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This article was published 30/9/2015 (1770 days ago), so information in it may no longer be current.
THREE federal leaders have committed to negotiate a massive land-claim settlement with the Manitoba Metis Federation, one that could cost Ottawa billions of dollars.
Only the Conservatives haven't yet responded to a questionnaire the MMF sent to all parties, gauging their positions on the land claim and other Métis issues.
Tuesday, following a visit by Liberal Leader Justin Trudeau to Winnipeg, the Grits announced their support for a negotiated land-claim settlement to deal with the outstanding issues raised by the Supreme Court of Canada in a 2013 decision that found Canada bungled the land deal that ended the 1870 Red River Rebellion. And the Liberals pledged to spend more on economic development and training for Métis people, including boosting funding for the Aboriginal Strategic Employment and Training Strategy by $50 million and spending $25 million over five years on economic-development strategies in Métis communities.
Following the rebellion, roughly 7,000 Métis children were promised 1.4 million acres of land by the federal government. But the process of identifying what land ought to be made available to which Métis children was an unmitigated mess, rife with, in the words of the Supreme Court, "repeated mistakes and inaction that persisted for more than a decade." Thousands of Métis people never won the land they were promised, leading to a 30-year court fight launched by the MMF.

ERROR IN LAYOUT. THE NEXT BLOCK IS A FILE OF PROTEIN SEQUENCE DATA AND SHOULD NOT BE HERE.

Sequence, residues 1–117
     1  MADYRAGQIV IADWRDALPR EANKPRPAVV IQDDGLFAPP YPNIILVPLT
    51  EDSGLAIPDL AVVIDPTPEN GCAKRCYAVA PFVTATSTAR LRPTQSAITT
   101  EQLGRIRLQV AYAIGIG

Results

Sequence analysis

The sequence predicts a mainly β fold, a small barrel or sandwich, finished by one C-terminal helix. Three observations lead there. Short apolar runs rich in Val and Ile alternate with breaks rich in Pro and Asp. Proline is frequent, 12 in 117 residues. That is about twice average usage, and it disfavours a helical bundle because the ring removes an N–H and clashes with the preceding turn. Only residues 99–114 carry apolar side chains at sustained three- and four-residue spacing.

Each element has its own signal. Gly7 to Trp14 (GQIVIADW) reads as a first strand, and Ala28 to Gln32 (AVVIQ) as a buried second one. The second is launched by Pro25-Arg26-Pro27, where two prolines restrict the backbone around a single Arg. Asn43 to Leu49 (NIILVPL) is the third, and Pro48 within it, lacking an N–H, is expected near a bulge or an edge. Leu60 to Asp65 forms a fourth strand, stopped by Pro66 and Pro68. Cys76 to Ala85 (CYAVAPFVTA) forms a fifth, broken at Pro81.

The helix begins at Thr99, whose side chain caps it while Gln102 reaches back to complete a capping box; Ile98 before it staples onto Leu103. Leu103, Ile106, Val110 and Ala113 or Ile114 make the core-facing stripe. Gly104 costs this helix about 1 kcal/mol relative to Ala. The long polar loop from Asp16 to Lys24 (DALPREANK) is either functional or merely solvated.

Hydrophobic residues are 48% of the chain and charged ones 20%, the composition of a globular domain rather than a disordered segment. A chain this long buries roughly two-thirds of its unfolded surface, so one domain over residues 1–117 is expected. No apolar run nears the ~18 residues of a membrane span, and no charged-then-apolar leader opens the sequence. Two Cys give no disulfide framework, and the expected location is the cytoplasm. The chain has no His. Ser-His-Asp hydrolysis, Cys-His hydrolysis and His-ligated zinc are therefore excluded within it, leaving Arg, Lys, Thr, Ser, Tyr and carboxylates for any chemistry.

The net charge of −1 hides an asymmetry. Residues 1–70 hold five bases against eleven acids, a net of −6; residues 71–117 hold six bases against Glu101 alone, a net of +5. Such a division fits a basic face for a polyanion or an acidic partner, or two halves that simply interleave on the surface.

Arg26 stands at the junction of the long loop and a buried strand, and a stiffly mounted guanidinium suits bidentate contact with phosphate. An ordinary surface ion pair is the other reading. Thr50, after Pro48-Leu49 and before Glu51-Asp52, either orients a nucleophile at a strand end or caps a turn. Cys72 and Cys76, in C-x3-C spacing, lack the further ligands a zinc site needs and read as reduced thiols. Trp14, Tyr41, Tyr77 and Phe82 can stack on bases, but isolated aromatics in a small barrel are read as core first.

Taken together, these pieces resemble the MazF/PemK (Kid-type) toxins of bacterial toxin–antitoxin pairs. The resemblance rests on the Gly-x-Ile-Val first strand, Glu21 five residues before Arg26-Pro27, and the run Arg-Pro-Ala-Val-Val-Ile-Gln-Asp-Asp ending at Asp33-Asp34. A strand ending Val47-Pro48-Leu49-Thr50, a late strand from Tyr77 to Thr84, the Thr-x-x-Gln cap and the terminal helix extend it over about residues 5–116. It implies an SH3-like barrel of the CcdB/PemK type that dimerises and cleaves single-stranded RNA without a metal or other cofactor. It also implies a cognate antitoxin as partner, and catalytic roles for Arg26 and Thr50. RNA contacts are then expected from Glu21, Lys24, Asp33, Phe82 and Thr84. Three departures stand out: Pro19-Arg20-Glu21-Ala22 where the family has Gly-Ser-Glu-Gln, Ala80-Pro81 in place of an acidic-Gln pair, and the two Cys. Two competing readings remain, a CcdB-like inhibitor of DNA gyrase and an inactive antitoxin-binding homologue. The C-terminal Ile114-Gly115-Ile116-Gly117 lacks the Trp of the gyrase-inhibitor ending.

MMF president David Chartrand said the Liberal policy on Métis issues was the only one to come with a dollar figure. But he said it's gratifying most federal parties are willing to deal with the land-claim issue, including NDP Leader Tom Mulcair.
"I commit to you that an NDP government will sit down with the MMF and negotiate in good faith to ensure that justice in this case is not delayed any further," wrote Mulcair to the MMF earlier this month.
"We're still waiting for the Conservatives," said Chartrand. "Whether they respond or not, I don't know." But Chartrand acknowledged the Harper government appointed a special representative tasked with reviewing the decision and determining next steps. The representative's report should be done late this year or early next year.
It's likely a settlement would include millions, if not more, for education, housing and economic development for Métis people, but such a settlement is likely years away, even if all parties come to the table.
Chartrand called Métis voters the "sleeping giant" of the federal election. He is asking all Métis people to review the party positions posted on the MMF's website and make an informed choice.
-- Mary Agnes Welch
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